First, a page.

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Why we Prototype!: An International Comparison of the Linkage between Embedded Knowledge and Objective Learning
KTH, School of Industrial Engineering and Management (ITM), Machine Design (Dept.), Integrated Product Development.ORCID iD: 0000-0002-2304-3148
Stanford University. (Center for Design Research)
2013 (English)In: Engineering Education, ISSN 1750-0044, E-ISSN 1750-0052, Vol. 8, no 1, 2-15 p.Article in journal (Refereed) Published
Abstract [en]

Prototypes are made, presented, and interpreted differently by people according to theirunderstanding and frame of reference. Design educators have, in recent decades, comecloser to one another in how they approach design creativity. Still, many distinct differencesexist. One of the most striking has to do with the role of prototyping in developing ideasinto concrete manifestations. Prototypes unlock cognitive association mechanisms relatedto visualisation, prior experience, and interpersonal communication in ways that favouriterative learning between peers in the product development community. When, where, andhow to use prototyping strategies depends on context, and it demands a high level ofsituation awareness. The nature of this awareness is, in turn, dependent on culturalvariables and curriculum development. Prototyping has been portrayed as an excellentactivity to share inner thoughts, yet a deeper connection to its knowledge-buildingprocesses has been lacking in previous research. This paper builds on related literature inshaping a common understanding of how prototyping is perceived and applied in twodifferent high-performance academic contexts (Stanford University, Stanford, USA, and theKTH Royal Institute of Technology, Stockholm, Sweden). Our exploration focuses onstudents’ perceived learning experiences and on teachers’ experiences within engineeringdesign projects. Prototyping is an active enabler in both cases, establishing iterative loopsof new knowledge through social interaction and team-based communication. The deeperlevel of cognitive attachments to prototyping provides an explicit link between embeddedimplicit knowledge and its consequences for objective learning.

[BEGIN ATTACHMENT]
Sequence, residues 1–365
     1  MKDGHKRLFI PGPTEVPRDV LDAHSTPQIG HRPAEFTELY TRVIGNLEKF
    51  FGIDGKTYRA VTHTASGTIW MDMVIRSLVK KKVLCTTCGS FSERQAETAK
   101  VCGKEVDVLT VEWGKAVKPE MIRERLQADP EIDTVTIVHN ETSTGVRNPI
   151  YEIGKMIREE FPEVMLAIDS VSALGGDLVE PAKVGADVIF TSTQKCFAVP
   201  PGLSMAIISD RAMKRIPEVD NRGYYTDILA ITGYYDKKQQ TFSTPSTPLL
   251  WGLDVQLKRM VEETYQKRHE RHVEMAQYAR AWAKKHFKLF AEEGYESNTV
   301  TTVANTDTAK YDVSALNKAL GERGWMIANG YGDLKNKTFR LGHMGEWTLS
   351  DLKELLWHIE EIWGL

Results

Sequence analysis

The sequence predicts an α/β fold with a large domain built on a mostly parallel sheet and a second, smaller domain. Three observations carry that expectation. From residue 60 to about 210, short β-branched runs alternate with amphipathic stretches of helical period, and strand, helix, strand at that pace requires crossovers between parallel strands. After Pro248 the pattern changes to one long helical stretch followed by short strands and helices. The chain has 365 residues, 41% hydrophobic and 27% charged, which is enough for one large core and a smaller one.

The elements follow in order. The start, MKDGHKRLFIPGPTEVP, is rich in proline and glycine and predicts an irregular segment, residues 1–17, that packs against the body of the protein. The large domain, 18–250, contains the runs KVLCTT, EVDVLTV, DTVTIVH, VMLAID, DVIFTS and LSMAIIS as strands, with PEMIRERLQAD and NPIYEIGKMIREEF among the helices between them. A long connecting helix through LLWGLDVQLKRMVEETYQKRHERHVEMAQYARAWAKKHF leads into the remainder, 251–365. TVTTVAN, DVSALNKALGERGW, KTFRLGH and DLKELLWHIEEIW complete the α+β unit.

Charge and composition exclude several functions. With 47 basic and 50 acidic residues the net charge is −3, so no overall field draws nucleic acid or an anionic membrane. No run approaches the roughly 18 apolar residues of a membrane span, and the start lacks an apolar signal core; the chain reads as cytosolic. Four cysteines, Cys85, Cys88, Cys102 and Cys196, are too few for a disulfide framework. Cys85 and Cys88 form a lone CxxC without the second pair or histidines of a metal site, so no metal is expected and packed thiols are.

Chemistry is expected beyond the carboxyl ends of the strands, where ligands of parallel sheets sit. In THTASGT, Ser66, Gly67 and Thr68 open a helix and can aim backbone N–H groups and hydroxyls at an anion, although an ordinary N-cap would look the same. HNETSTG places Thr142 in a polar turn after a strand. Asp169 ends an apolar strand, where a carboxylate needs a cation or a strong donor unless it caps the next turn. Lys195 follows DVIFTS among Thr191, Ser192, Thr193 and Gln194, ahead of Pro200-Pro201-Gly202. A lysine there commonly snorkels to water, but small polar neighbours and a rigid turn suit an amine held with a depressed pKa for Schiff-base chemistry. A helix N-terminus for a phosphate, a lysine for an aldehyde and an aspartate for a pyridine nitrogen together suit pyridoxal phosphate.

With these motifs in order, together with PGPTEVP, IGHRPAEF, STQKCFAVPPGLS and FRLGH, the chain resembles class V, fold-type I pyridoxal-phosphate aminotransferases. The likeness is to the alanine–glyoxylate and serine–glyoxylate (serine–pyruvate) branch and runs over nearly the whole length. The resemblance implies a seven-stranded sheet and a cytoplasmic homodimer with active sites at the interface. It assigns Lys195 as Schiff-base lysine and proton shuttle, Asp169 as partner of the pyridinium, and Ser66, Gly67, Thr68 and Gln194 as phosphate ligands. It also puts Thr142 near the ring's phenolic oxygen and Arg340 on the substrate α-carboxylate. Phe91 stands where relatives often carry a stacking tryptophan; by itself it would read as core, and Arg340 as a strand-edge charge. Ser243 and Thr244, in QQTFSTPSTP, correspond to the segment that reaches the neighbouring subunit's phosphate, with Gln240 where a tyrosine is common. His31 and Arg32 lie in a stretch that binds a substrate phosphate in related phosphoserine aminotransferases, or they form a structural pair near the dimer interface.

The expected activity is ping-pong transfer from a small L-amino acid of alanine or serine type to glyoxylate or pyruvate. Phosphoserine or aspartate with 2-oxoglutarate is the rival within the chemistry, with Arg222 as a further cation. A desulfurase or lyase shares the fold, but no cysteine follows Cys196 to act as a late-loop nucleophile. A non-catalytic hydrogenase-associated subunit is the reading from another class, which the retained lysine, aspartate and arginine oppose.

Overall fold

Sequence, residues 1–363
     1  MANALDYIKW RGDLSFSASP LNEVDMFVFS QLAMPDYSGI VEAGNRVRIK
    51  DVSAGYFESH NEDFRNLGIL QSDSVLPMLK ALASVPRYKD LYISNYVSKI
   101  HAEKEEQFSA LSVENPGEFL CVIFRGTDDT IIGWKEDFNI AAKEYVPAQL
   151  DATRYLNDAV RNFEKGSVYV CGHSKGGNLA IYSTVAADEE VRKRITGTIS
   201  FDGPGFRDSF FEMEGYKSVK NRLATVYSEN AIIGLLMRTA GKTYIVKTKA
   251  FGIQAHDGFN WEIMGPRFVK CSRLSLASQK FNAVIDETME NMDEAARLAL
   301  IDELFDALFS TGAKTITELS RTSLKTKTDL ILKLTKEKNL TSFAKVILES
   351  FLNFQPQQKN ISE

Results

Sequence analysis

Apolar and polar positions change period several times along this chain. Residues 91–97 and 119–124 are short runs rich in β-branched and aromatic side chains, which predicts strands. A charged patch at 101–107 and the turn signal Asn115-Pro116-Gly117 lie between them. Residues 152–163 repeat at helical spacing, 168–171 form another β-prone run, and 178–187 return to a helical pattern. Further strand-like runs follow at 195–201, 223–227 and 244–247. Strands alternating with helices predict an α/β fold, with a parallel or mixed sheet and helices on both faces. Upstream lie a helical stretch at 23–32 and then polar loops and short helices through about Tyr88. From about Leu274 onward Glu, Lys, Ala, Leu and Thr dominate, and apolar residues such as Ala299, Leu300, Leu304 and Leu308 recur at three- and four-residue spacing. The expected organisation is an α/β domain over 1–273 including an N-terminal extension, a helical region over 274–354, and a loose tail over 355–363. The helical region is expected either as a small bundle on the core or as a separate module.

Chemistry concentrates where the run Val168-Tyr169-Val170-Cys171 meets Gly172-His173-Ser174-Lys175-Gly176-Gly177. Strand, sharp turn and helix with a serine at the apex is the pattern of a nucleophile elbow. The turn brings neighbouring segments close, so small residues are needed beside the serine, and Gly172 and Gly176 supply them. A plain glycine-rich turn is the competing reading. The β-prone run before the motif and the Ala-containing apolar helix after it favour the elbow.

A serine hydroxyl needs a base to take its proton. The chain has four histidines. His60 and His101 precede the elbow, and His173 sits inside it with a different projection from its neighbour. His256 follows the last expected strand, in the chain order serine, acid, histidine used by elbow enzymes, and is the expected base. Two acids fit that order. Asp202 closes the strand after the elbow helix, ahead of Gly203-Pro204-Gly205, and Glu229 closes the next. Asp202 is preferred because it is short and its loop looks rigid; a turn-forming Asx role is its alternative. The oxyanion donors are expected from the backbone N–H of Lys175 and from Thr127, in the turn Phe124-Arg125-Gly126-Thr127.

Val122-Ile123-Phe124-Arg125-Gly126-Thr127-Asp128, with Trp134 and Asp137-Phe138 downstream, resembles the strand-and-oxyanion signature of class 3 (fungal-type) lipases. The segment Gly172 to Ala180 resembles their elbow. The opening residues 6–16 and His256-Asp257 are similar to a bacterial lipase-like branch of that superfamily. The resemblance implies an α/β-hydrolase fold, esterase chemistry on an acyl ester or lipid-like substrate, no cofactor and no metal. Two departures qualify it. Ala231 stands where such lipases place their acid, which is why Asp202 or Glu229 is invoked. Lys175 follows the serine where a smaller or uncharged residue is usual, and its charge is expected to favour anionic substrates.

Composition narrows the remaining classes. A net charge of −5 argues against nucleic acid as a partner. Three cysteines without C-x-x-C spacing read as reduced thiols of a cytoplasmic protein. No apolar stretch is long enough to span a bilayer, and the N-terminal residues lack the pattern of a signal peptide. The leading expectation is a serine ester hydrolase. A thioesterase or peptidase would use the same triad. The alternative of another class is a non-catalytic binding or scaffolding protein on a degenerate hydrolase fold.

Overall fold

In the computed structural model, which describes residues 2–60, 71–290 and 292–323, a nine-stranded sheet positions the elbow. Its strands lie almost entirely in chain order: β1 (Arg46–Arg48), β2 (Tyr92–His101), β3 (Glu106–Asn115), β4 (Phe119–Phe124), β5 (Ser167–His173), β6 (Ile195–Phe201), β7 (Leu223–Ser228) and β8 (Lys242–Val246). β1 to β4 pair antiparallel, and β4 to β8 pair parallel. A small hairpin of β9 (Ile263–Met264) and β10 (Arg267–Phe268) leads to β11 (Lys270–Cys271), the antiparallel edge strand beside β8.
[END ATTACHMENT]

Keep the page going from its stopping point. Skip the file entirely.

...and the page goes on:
Place, publisher, year, edition, pages
Taylor & Francis Group, 2013. Vol. 8, no 1, 2-15 p.
Keyword [en]
prototyping, engineering design, knowledge, learning
National Category
URN: urn:nbn:se:kth:diva-143336DOI: 10.11120/ened.2013.00004ScopusID: 2-s2.0-84897842992OAI: diva2:706268

QC 20140520

Available from: 2014-03-19 Created: 2014-03-19 Last updated: 2016-02-10Bibliographically approved

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